Testosterone and the Heart

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Testosterone is an important regulator of cardiovascular function that exerts its influence through multiple pathways. It produces changes in cardiomyocytes, which lead to pathological remodeling and eventually heart failure due not only to testosterone’s effects on contractility or energy metabolism but also because it influences inflammation by promoting fibrosis during myocarditis situations where viruses are localised at the site(1).

Testosterone is a hormone that possesses both cardioprotective and harmful effects. In some cases, low levels of testosterone have been linked with heart disease while in other circumstances it seems to protect against these conditions. This review will explore the ways in which this interacts between our hormones and how they affect us as individuals or populations.

What is testosterone?

Testosterone (T) is the principal male sex hormone and is secreted primarily by the testes. Only 1%–2% of testosterone circulates in the blood as free testosterone, and the remaining is bound to proteins including albumin and sex steroid hormone-binding globulin (SHBG).

What are the effects of testosterone?

Plasma levels of T vary with circadian rhythm and fluctuate throughout life. Aging is associated with a gradual decline in testosterone levels in men and an increase in circulating SHBG levels. In addition to its anabolic and androgenic effects, testosterone has important effects on the cardiovascular system. The cardiac effects of testosterone are influenced by plasma levels, cellular metabolism, modulation of intracellular pathways, and androgen receptor expression.

What does testosterone do for the heart?

Testosterone influences the cardiovascular system by acting directly on cardiac cells. Cardiomyocytes express receptors for all major sex steroid hormones including testosterone and are thus exposed to their modulatory effects on myocardial cell physiology. Testosterone has an important role in intracellular Ca2+homeostasis. Mediated by the androgen receptor, testosterone activates L-type calcium channels, which increase the intracellular levels of calcium and thus regulate myocardial contractility.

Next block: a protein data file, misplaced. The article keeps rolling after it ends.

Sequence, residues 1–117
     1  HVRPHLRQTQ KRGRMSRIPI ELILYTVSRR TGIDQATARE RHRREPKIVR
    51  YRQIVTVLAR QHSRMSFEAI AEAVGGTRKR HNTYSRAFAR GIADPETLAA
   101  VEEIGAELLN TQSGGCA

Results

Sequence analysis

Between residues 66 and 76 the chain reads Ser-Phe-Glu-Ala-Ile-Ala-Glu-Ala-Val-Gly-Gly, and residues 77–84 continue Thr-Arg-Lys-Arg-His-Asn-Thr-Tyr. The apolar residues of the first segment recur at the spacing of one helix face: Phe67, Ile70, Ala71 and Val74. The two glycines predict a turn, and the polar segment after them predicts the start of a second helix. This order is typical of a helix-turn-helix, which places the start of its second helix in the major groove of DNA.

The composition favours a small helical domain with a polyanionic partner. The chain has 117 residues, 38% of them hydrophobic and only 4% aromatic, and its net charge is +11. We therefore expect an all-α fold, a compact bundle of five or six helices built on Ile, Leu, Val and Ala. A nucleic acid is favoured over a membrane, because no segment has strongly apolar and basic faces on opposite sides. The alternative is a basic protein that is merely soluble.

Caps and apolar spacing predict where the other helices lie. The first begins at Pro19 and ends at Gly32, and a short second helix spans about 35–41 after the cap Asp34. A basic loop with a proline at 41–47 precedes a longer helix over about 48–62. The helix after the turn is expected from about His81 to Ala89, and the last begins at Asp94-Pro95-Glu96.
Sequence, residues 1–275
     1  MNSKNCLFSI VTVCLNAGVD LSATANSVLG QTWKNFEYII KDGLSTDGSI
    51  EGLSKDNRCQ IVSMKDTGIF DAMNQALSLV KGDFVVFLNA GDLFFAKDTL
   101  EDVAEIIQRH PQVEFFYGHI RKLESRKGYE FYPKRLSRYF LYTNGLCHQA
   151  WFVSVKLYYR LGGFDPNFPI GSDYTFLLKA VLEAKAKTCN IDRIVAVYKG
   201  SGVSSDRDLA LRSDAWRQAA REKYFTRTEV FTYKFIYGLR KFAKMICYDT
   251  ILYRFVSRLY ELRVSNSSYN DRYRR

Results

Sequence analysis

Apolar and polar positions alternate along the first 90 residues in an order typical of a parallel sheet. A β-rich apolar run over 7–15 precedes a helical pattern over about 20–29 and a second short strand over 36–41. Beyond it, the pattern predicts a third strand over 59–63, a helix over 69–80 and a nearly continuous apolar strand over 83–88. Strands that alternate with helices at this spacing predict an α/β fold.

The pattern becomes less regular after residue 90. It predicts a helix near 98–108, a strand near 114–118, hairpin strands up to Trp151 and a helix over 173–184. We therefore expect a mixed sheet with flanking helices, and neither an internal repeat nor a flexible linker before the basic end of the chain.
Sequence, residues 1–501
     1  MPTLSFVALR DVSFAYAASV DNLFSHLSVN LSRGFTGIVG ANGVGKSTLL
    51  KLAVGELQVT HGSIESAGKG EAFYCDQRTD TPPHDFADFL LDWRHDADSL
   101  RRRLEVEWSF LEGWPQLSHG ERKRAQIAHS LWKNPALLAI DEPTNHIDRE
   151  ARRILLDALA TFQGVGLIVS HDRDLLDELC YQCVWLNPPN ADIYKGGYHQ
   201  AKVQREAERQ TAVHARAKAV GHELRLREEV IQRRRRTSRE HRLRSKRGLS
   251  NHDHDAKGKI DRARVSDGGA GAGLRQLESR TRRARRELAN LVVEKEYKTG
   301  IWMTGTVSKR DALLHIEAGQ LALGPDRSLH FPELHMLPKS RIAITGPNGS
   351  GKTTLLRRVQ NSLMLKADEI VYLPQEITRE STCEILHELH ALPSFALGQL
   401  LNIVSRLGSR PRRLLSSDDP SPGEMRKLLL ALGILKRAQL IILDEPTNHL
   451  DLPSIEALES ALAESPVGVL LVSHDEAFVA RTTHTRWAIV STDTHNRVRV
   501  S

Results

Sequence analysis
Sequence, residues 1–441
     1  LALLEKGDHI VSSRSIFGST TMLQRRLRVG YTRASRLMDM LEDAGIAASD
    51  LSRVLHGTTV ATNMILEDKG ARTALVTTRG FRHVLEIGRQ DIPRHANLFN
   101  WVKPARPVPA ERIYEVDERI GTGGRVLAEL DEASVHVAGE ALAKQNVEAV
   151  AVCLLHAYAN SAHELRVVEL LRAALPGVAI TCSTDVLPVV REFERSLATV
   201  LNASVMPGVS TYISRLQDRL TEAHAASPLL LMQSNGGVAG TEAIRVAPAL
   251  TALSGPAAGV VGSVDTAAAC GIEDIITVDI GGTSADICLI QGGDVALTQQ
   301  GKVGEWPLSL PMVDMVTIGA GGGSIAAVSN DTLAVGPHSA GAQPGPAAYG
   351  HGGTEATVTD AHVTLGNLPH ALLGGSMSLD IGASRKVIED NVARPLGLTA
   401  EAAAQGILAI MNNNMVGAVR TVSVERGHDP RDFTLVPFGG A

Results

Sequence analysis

Testing on animals

Gonadectomy in adult male rats reduces the contractility of isolated cardiac myocytes, and short-term androgen exposure stimulates the contractility of isolated rat ventricular myocytes. Additionally, in castrated animals, androgen therapy improves coronary blood flow and increases both fractional shortening and peak myocardial oxygen consumption, thereby improving cardiac function.

How important is testosterone for the human body?

Testosterone has been shown to elicit cardioprotective effects, and several intracellular mechanisms have been identified. Through genomic and nongenomic mechanisms, testosterone influences apoptosis, regulates leukocyte migration and reactive oxygen species (ROS) generation, and the nitric oxide (NO) – guanosine 3′,5′-cyclic monophosphate (cGMP) pathway.

 

There is a strong association between low testosterone and chronic heart failure. This may be one reason why men with the condition have an increased risk for death, according to some studies.

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